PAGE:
Firefighters save two East End Road homes from wildfire

A quick response from firefighters on Sunday afternoon saved two East End Road houses from being destroyed by a swift, wind driven wildfire. Kachemak Emergency Services, Alaska Division of Forestry, Homer Volunteer Fire Department and Anchor Point Emergency Services all went to the fire in the woods behind two homes between Yukon Avenue and Greer Road on the north side of East End Road near about Mile 9.

“Two homes that were definitely threatened were saved and protected,” said KES Fire Chief Bob Cicciarella at the scene of the fire. “No damage.”

KES had just finished mopping up about a 2-acre fire around 6 p.m. Sunday, May 27, when they got the call of a fire near Mile 9 East End Road. KES went with tankers and engines while other departments scrambled to the fire with more equipment. A Division of Forestry helicopter with sling bucket began dumping water on the fire. A Division of Forestry airplane also dumped several loads of retardant.

The fire began in a shed near one home. Cicciarella said the resident wasn’t home and didn’t see the start of the fire. The fire destroyed several sheds and an outhouse, with flames coming within 50 to 100 feet of the homes. A home at 55200 East End Road had a green, mowed lawn on the west side of the house toward where the fire started. The fire stopped at the edge of the lawn — a good example of how defensible space of cleared brush and mowed lawns can keep wildfires from damaging homes.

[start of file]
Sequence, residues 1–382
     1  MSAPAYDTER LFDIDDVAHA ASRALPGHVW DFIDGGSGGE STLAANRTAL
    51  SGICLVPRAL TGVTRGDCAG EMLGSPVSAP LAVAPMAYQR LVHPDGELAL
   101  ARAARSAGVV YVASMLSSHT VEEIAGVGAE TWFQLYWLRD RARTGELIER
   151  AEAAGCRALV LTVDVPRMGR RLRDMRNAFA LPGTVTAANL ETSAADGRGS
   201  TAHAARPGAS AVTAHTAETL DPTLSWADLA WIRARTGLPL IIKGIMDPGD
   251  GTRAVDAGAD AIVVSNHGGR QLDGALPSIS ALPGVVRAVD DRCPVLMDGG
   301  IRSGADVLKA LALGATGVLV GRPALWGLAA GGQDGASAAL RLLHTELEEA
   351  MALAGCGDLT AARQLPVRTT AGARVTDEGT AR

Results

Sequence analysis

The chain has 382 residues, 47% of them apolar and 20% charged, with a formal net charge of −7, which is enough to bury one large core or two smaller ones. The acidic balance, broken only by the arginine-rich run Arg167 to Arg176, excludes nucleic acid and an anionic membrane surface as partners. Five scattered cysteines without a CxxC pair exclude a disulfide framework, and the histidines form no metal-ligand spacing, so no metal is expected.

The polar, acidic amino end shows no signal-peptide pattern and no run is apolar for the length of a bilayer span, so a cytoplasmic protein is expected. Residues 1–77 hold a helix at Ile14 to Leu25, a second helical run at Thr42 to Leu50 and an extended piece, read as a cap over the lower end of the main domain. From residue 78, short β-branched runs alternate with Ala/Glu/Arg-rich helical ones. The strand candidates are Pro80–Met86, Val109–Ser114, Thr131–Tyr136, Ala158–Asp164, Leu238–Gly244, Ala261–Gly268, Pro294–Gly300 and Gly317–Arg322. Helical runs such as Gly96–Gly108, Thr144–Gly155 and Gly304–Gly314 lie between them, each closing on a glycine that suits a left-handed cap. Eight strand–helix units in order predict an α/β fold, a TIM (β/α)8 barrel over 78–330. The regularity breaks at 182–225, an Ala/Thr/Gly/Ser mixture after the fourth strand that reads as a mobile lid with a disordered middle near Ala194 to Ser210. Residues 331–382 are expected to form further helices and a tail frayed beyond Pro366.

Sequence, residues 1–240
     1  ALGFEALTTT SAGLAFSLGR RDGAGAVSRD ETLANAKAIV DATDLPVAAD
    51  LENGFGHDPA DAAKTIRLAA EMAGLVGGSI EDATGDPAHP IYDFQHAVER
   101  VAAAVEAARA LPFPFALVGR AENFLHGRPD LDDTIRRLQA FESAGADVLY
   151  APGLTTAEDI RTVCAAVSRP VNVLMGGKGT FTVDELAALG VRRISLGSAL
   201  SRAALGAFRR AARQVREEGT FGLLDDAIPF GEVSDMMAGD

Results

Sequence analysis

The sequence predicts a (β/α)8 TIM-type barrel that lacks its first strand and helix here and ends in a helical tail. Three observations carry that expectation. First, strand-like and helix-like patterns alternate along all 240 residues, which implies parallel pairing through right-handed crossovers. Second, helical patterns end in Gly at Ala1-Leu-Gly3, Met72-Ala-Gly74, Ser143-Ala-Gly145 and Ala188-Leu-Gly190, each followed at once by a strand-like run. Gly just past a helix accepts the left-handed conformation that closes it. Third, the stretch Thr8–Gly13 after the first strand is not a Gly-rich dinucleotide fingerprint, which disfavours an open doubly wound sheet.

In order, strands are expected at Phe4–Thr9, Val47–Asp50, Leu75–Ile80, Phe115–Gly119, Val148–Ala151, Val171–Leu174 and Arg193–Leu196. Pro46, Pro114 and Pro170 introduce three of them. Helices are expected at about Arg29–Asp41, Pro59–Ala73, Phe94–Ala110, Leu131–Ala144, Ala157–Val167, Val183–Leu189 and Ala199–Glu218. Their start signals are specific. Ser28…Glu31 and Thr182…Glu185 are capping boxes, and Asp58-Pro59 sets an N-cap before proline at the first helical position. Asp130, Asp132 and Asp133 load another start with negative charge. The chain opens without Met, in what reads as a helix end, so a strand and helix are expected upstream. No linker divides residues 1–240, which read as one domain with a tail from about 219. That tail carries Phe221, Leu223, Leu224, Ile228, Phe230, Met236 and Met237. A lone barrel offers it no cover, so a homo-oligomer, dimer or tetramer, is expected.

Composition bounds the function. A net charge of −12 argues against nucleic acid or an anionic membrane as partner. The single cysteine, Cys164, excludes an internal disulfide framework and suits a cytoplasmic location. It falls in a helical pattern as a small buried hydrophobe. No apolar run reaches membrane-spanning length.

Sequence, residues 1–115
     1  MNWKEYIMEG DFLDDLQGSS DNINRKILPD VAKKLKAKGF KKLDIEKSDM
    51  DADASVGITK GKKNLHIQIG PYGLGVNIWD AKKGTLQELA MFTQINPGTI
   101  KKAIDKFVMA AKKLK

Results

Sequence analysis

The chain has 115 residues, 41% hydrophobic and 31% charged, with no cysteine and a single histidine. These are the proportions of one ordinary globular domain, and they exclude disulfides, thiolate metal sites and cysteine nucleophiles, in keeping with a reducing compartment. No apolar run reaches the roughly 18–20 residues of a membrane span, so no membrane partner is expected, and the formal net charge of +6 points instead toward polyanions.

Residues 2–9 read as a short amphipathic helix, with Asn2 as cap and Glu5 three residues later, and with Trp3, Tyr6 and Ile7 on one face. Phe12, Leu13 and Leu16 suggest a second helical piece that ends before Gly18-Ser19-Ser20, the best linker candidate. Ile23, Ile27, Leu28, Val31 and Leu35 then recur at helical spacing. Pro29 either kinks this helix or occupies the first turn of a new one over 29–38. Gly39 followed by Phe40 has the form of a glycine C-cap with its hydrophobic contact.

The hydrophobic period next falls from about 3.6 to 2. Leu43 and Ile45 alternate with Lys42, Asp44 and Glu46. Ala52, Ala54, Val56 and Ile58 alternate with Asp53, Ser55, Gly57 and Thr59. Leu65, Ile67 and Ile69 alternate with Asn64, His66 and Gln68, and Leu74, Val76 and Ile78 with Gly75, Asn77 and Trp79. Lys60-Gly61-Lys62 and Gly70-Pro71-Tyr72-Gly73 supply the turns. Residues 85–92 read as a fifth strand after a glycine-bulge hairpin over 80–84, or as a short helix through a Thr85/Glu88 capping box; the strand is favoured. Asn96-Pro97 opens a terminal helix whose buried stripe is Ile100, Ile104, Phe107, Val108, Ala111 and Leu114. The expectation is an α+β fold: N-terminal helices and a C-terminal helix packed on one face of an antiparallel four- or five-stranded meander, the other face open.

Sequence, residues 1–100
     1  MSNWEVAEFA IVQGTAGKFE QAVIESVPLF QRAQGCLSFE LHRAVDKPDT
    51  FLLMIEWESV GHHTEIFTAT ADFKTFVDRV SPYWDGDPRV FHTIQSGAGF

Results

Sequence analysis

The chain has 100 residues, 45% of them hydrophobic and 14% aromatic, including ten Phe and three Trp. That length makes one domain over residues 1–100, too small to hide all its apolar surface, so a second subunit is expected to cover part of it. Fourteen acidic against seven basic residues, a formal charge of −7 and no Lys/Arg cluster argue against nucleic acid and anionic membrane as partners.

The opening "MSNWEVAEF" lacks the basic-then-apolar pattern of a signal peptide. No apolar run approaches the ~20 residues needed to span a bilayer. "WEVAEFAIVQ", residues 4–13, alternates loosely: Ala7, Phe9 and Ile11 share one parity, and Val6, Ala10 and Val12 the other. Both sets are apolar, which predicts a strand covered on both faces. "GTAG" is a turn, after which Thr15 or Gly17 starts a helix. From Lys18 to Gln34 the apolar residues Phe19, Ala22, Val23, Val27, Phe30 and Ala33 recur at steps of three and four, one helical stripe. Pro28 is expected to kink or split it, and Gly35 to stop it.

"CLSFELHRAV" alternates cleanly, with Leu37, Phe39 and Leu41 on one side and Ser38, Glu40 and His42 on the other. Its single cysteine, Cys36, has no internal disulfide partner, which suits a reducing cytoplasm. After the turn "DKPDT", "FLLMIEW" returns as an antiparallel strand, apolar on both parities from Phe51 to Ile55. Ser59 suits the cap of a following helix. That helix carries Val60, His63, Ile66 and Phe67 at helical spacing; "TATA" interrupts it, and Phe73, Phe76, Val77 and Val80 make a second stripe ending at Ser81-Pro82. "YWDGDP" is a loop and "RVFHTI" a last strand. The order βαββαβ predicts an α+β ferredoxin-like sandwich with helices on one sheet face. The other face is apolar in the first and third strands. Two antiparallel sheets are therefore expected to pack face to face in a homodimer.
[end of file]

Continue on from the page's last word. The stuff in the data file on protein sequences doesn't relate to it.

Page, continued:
Cicciarella said East End Road fire spread to about 3 acres. Winds from the south pushed the fire toward willows, grass and brush in the rural subdivisions east of Greer Road.

“It was a good catch,” he said. “It was definitely headed that way. The wind was helping it. The crews did a great job getting on it for sure.”

A lack of deep snow this winter didn’t stomp down high grass, and the grass in the area is high and more prone to catching fire. Grass and shrubs also haven’t begun to green up, making meadows particularly vulnerable to fire. Cicciarella said KES has “been running like crazy,” with almost half its calls fire responses, higher than usual.

KES investigators haven’t determined the cause of the East End Road fire, but Cicciarella said the Basargin Road fire is suspicious.

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